Ken Block is out with some new data related to Rhode Island’s voter rolls, and he’s saying that the state is violating federal regulations covering voter registration, regarding which the RI Center for Freedom & Prosperity is demanding an independent investigation.. Kathy Gregg summarizes for the Providence Journal:
Block alleges that the Rhode Island election officials have adopted rules that are in conflict with the Help America Vote Act (HAVA), and that may help explain why the state’s voter files do not have the most basic “personally identifying information” — a driver’s license or Social Security number — for more than 30 percent of the voters who took part in Rhode Island’s 2016 general election.
By his count, that includes “22,000-plus″ people who registered for the first time since the Help America Vote Act took effect. …
He traces this selective verification to a rule change “only two months ahead of the 2008 General Election,” that was followed by “an unprecedented explosion of voters who registered to vote without (personally identifying information) in the two months before the 2008 elections.”
If I’m following Block’s argument correctly, the subtle way in which the Rhode Island Board of Election’s regulations changed is certainly, let’s just say, suspicious. Here’s the relevant language from the HAVA, which requires all registered voters to have verified a driver’s license or Social Security Number, with a narrow exception:
If an applicant for voter registration for an election for Federal office has not been issued a current and valid driver’s license or a social security number, the State shall assign the applicant a number which will serve to identify the applicant for voter registration purposes.
Note the “has not been issued” phrase. That is, lacking access to the information is not an excuse; only in narrow circumstances in which an eligible voter has not been issued such identification can he or she still register to vote.
Here’s how the original 2003 regulation from the Board of Elections rendered that requirement:
An applicant who does not have a Rhode Island driver’s license or social security number shall place a check mark in the box provided indicating that he/she does not have a RI driver’s license or social security number.
The language is still a little weaker than “has never been issued,” but the context makes “have” more or less synonymous with “has been issued,” and the check box requires an affirmative statement that could open one to fraud allegations. Here’s what the Board of Elections changed that to in the months before the 2008 election:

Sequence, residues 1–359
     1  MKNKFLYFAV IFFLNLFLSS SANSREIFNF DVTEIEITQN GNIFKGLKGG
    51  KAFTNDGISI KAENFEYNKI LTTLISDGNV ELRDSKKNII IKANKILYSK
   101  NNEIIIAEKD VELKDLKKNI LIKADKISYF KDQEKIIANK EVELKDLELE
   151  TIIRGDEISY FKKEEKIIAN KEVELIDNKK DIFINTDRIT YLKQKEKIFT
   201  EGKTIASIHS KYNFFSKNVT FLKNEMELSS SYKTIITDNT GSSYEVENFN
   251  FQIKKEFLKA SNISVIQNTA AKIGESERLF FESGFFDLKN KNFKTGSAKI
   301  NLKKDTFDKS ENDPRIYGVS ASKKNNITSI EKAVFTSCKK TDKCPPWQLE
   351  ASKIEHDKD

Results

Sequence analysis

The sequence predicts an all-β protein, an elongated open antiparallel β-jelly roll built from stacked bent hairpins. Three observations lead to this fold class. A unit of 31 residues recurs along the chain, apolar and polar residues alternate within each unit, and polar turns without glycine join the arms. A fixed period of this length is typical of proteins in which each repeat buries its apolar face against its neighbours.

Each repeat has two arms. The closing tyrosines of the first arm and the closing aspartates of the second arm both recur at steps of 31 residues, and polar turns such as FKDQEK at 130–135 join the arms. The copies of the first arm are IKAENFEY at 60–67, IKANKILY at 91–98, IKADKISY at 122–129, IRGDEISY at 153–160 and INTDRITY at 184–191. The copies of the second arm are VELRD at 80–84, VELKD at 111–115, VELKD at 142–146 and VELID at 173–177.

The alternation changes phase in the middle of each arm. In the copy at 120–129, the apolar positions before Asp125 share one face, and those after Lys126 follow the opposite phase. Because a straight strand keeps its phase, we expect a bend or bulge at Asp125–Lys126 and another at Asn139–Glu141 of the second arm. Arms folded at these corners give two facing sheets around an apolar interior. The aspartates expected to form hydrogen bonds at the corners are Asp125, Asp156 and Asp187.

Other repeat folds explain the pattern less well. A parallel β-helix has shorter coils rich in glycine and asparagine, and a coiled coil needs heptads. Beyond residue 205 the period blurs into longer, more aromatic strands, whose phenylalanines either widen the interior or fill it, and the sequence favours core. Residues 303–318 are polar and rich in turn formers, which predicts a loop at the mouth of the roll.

If the applicant does not have a RI drivers license number, RI State ID number or a Social Security Number, they shall provide one of the following…
The regulation lists the alternative forms of identification that the state already accepted (for the most part) in order to receive an alternative identification number. Strictly speaking, that use of the phrase “does not have” isn’t weaker than the 2003 regulation, but the current voter registration form proves that the meaning had indeed changed. The relevant box on the form has spaces for a license number or Social Security, but it says, “If you do not enter either number, see instructions for Box 3.” And the key language in the instructions is:
If you are registering to vote for the first time in Rhode Island by mail or if someone else turns this form in for you, it is REQUIRED that you provide your driver’s license number or state ID number issued by the RI Department of Motor Vehicles (DMV). If you do not have either, you must provide the last 4 digits of your Social Security Number. If you do not provide the above information or it cannot be verified, you will be required to provide identification to an election official before voting.
This isn’t even ambiguous. According to the instructions, a registrant can use the alternative forms of ID for any reason, which could potentially have been the case with more than 22,000 Rhode Island voters. For some context, Democrat Governor Gina Raimondo won her election by fewer than 15,000 votes, and the town-by-town percentages of voters without the required information were surely enough to exceed the vote margins for all variety of races, certainly including Democrat Speaker of the House Nicholas Mattiello of Cranston.
Note, also, the increase in voter registrations immediately after the language change. The number of registered voters between the presidential primary in March and the primary in September of that year increased by a single voter, but 36,215 registered to vote after the September primary. From the 2004 to the 2008 general election, the number of registered voters in Rhode Island actually went down (as a shrinking population would suggest). From 2008 to 2012, however, it was up by 24,002, and then again from 2012 to 2016, it was up 57,384. Despite a stagnant-at-best population.
Dismissing concerns about voter fraud has become a regular game of political insiders and the Left, but as the Center suggests, confidence in our electoral system is too important not to have an investigation.